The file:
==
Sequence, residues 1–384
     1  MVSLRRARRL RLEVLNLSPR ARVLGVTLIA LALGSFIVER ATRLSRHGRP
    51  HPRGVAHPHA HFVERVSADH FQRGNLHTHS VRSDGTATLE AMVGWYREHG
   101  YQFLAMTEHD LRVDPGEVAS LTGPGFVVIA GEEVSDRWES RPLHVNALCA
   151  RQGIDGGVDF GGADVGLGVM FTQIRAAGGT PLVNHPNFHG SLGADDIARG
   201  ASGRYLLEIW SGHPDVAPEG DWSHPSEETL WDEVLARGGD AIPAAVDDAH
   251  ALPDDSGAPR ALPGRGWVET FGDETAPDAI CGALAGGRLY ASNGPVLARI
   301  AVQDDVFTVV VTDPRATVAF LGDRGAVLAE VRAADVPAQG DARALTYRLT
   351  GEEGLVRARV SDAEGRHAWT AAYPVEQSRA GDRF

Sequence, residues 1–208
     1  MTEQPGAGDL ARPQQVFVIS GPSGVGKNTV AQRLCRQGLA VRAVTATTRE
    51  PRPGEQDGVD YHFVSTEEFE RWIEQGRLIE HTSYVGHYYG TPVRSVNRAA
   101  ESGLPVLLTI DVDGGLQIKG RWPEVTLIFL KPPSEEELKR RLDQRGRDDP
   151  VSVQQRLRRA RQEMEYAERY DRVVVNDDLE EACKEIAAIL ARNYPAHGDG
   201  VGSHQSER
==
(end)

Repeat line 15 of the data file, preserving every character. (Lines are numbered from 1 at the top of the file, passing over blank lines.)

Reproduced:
   201  VGSHQSER